The team bridges paediatric and adult practice, and regards service users as young people first and foremost – rather than patients with cancer. Most importantly, the team helps young people cope with the experience of cancer and encourages them to retain, regain or reinvent their plans for life after cancer.

A short video explaining the portal and its benefits to patient care is available online.

Acknowledgements

The development of IAM Portal owes much to the insight, passion and drive of collaborative teamwork, which ensures there is a continued and widening circle of professionals engaged in providing specialist care for young people with cancer.

Particular thanks to our partners: Teenage Cancer Trust, CLIC Sargent, Macmillan Cancer Support, Sitekit and the Florence Nightingale Foundation.

References

  • National Institute for Health and Care Excellence (2005) Improving Outcomes in Children and Young People with Cancer. NICE, London.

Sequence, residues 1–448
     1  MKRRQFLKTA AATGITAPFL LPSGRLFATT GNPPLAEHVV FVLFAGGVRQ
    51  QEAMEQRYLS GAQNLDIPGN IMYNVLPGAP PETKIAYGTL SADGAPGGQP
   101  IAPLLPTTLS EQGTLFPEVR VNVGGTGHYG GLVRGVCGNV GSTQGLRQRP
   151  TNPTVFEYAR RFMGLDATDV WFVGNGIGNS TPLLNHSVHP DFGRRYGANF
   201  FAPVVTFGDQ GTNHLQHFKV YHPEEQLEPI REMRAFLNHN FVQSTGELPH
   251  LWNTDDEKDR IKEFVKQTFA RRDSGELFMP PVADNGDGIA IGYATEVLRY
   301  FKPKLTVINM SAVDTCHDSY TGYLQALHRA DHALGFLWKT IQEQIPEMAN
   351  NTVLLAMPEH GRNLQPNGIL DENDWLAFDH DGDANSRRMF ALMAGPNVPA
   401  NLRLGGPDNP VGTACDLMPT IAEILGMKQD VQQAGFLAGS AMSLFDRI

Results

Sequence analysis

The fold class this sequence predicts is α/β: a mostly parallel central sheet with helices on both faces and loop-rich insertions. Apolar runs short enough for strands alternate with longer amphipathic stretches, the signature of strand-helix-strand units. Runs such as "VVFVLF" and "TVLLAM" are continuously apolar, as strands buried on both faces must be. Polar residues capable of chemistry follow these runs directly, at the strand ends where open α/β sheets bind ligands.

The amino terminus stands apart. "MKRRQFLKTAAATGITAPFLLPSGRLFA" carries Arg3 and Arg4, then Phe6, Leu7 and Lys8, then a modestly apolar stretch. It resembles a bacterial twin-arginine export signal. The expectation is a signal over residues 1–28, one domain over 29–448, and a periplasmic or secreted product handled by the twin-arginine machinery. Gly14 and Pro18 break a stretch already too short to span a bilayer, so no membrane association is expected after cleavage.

• Hough R, Sandhu S, Khan M et al (2017) Are survival and mortality rates associated with recruitment to clinical trials in teenage and young adult patients with acute lymphoblastic leukaemia? A retrospective observational analysis. doi: 10.1136/bmjopen-2017-017052
  • Wright C, Coad J, Morgan S et al (2014) 'Just in case': the fertility information needs of teenagers and young adults with cancer. European Journal of Cancer Care. 23, 2, 189-198.

Authors

Jamie Cargill is lead nurse for Teenage Cancer Trust at University Hospitals Bristol NHS Foundation Trust and Florence Nightingale Foundation scholar; Jennifer Cheshire is Teenage Cancer Trust IAM Portal national implementation project manager at University Hospitals Bristol NHS Foundation Trust; Mike Stevens is professor of paediatric oncology at University Hospitals Bristol NHS Foundation Trust